Broadcasters around the world have been hardest hit to date and there is little doubt that will continue. Advertising does not appear to be returning to normal levels soon – although traditional heavy spenders such as food and drinks companies are largely weathering the storm – and that has already resulted in networks slashing programming budgets.
SVOD’s have benefitted in subscriber terms but the global nature of some means currency fluctuations have affected revenues. Other regional players, such as Nordic Entertainment Group’s Viaplay, have been hit by their affiliation to losses at their parent companies. And the booming AVOD sector looks likely to cool its growth trajectory, although the increased uptake from locked down viewers could mean higher audience numbers and bigger returns – and potentially more acquisitions down the line.
For some on the factual side, meanwhile, lockdown has meant turning to archive for new shows. Hewer says that the hope is that “when it pings back, it will ping back big time. There are gaps in schedules and there’ll be, hopefully, money to be spent, so it might just be a blip and then it all picks up. And we’ll all feel incredibly grateful for what we’ve got because we’ve realised how good it was.”
Formats face a trickier future, as Siobhan Crawford, head of sales and acquisitions at Belgian format distributor Primitives, points out. New ideas will face a tough time against almost risk-free, established format juggernauts from the world’s biggest production and distribution houses. Her part of the business faces “immense challenges,” she adds, as creatives attempt to keep the sector going. “Come MIPCOM, pipelines are expected to be dry in the non-scripted format genre as production simply will not have moved forward since February – and even MIPCOM will be uncertain,” she says.
“This is our pipeline – our arena for sales and our ability to forecast – all in disarray. And what is the silver lining in all this? Netflix and its competitors announce acquisitions as normal. So, who is everybody trying to target, and in-so-doing giving the platforms plenty of choice and power to drive down commercial terms? The same platforms. This is just realism at work. It will of course provide a lifeline for some.”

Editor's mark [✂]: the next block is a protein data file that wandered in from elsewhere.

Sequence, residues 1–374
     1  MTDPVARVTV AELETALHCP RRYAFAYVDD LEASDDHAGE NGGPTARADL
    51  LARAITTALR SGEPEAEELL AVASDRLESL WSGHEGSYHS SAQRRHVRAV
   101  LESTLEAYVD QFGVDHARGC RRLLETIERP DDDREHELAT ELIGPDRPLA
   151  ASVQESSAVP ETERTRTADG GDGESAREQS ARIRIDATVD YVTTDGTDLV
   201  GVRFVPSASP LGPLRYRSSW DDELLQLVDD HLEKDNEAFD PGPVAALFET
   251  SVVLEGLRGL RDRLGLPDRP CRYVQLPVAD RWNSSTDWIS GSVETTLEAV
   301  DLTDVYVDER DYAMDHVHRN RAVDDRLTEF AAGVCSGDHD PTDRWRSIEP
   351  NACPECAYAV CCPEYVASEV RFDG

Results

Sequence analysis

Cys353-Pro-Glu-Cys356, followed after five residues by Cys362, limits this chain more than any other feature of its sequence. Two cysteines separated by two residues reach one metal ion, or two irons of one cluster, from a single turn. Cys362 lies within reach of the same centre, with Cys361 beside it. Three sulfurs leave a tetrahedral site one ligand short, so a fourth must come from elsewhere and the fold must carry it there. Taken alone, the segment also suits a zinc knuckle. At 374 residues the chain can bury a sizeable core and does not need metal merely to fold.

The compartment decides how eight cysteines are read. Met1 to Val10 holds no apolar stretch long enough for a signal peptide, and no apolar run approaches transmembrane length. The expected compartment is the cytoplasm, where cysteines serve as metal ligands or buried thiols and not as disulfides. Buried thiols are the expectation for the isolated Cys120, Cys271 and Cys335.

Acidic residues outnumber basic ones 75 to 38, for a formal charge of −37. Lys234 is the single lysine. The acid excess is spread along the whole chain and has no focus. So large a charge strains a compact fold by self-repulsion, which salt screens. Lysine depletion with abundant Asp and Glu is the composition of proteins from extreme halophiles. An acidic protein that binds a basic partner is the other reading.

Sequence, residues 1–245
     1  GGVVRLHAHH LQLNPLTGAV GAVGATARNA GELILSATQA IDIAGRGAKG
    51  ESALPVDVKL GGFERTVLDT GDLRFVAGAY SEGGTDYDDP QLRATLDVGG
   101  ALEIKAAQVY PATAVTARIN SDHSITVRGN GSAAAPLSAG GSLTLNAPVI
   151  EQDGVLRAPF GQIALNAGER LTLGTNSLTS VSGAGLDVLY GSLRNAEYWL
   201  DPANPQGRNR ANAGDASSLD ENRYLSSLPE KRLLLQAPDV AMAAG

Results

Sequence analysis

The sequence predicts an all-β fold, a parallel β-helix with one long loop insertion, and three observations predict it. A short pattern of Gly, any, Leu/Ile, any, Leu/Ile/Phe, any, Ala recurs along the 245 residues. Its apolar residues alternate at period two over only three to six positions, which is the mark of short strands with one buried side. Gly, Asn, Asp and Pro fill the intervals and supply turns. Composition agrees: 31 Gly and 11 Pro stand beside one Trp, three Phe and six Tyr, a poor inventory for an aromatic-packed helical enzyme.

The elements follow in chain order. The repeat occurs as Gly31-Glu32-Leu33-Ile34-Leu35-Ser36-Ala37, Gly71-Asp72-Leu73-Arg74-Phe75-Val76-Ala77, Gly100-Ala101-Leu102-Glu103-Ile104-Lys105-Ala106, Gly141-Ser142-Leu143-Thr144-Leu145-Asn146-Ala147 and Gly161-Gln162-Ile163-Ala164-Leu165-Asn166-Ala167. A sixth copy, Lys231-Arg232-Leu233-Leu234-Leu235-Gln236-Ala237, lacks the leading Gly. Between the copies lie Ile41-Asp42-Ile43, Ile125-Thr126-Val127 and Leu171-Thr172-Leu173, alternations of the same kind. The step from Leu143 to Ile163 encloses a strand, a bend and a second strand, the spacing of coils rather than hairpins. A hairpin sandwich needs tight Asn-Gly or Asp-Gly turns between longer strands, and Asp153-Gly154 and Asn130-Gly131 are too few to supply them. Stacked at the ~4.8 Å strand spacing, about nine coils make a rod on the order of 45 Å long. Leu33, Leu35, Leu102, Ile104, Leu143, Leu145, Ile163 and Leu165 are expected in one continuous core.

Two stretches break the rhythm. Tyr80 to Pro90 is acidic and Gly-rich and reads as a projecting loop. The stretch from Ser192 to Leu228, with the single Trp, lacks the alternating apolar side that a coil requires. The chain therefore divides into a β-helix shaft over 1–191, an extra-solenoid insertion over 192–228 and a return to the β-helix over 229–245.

Lucas Green, content chief at Banijay Group – the Survivor and Temptation Island firm that is in the midst of subsuming MasterChef and Peaky Blinders outfit Endemol Shine Group – says the world “will be very different” once the industry resumes its business in earnest.
“Every nation is affected, which is utterly unique. Audiences will look for escapism through uplifting content that offers comfort after the storm. As a business, we will have learnt more efficient ways of working and inevitably this will have a positive impact on levels of travel. And, with broadcasters impacted across the globe, we will have to think of smarter ways of making shows to meet their financial needs.”
Richard Tulk-Hart, co-CEO at Buccaneer Media, says longer-term effects “will ultimately be driven by the likes of the broadcasters and how they want to work with us and what’s going to happen to scripted once we come out of this.”
He adds that he doesn’t expect huge changes in quantity but “we’ll be looking for different genres and more uplifting content perhaps – I can imagine that that would be the case. This will all, perhaps, change tastes more than it will change anything else.”
For scripted producers mid-production, the hope is to wrap existing commitments quickly and embrace streamers in need of content to sustain viewers who gobbled up programming during lockdown. Streamers will, it seems, be better placed to pay for it than broadcasters but there are huge questions around talent availability. And most industry insiders suggest even more reliance on co-productions as cash-strapped channels look for cost-effective ways to pool resources. Private equity, distributors and third-party financiers will also become increasingly vital players.
Tapping tech & efficiency drives
There also seems to be an acceptance that more efficient ways of developing, producing and selling shows will emerge. More post-production is being done at home using state-of-the art software that cuts down costs while the TV event calendar looks set to thin out – not just because of short-term restrictions but because there are now myriad companies offering sales solutions for buyers. And those execs are now likely to have had some experience using these services.
Chiara Cardoso, head of development at London’s BlackBox Multimedia, which is behind projects including Brandenburg, says lockdown has underlined the fact that tech has already brought people closer. “In a way, given that we at BlackBox work with so many different countries, [lockdown] has not drastically changed the way in which we operate. Zoom calls were already part of our daily reality.”
Caterina Vacchi, EP and head of production and distribution at Italy’s Atlantyca Entertainment, echoes the point. “We’ve all learned what it means working from home: no commuting, no pauses; less distraction; more work. We are able to communicate in so many different ways that I can receive 10 different requests on multiple platforms. We’ve learned to multi-task even more than we were already.”